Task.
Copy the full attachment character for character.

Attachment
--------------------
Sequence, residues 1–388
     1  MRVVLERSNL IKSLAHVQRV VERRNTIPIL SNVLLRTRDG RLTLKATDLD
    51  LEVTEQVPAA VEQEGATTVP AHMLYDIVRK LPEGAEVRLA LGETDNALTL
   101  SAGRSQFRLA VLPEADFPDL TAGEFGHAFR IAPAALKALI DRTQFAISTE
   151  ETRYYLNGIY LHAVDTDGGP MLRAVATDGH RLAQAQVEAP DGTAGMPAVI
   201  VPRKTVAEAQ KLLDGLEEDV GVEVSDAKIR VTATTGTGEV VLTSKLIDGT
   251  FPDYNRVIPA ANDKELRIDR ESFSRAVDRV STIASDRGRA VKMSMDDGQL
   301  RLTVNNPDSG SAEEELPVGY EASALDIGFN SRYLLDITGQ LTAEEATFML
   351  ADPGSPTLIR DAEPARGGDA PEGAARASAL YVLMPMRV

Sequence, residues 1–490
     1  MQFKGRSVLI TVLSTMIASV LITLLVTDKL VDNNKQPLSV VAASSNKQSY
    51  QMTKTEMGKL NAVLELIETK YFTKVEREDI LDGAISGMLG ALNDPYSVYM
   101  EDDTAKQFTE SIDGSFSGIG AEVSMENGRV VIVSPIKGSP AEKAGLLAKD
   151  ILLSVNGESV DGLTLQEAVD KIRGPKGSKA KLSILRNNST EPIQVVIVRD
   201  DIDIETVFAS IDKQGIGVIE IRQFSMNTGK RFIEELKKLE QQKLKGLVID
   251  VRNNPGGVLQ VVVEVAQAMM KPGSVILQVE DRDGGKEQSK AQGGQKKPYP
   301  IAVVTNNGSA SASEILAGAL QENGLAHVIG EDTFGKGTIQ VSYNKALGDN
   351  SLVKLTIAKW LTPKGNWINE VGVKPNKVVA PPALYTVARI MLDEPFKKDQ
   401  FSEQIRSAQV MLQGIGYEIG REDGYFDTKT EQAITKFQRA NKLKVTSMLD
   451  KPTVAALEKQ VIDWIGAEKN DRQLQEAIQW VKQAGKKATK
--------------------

Sequence, residues 1–388
     1  MRVVLERSNL IKSLAHVQRV VERRNTIPIL SNVLLRTRDG RLTLKATDLD
    51  LEVTEQVPAA VEQEGATTVP AHMLYDIVRK LPEGAEVRLA LGETDNALTL
   101  SAGRSQFRLA VLPEADFPDL TAGEFGHAFR IAPAALKALI DRTQFAISTE
   151  ETRYYLNGIY LHAVDTDGGP MLRAVATDGH RLAQAQVEAP DGTAGMPAVI
   201  VPRKTVAEAQ KLLDGLEEDV GVEVSDAKIR VTATTGTGEV VLTSKLIDGT
   251  FPDYNRVIPA ANDKELRIDR ESFSRAVDRV STIASDRGRA VKMSMDDGQL
   301  RLTVNNPDSG SAEEELPVGY EASALDIGFN SRYLLDITGQ LTAEEATFML
   351  ADPGSPTLIR DAEPARGGDA PEGAARASAL YVLMPMRV

Sequence, residues 1–490
     1  MQFKGRSVLI TVLSTMIASV LITLLVTDKL VDNNKQPLSV VAASSNKQSY
    51  QMTKTEMGKL NAVLELIETK YFTKVEREDI LDGAISGMLG ALNDPYSVYM
   101  EDDTAKQFTE SIDGSFSGIG AEVSMENGRV VIVSPIKGSP AEKAGLLAKD
   151  ILLSVNGESV DGLTLQEAVD KIRGPKGSKA KLSILRNNST EPIQVVIVRD
   201  DIDIETVFAS IDKQGIGVIE IRQFSMNTGK RFIEELKKLE QQKLKGLVID
   251  VRNNPGGVLQ VVVEVAQAMM KPGSVILQVE DRDGGKEQSK AQGGQKKPYP
   301  IAVVTNNGSA SASEILAGAL QENGLAHVIG EDTFGKGTIQ VSYNKALGDN
   351  SLVKLTIAKW LTPKGNWINE VGVKPNKVVA PPALYTVARI MLDEPFKKDQ
   401  FSEQIRSAQV MLQGIGYEIG REDGYFDTKT EQAITKFQRA NKLKVTSMLD
   451  KPTVAALEKQ VIDWIGAEKN DRQLQEAIQW VKQAGKKATK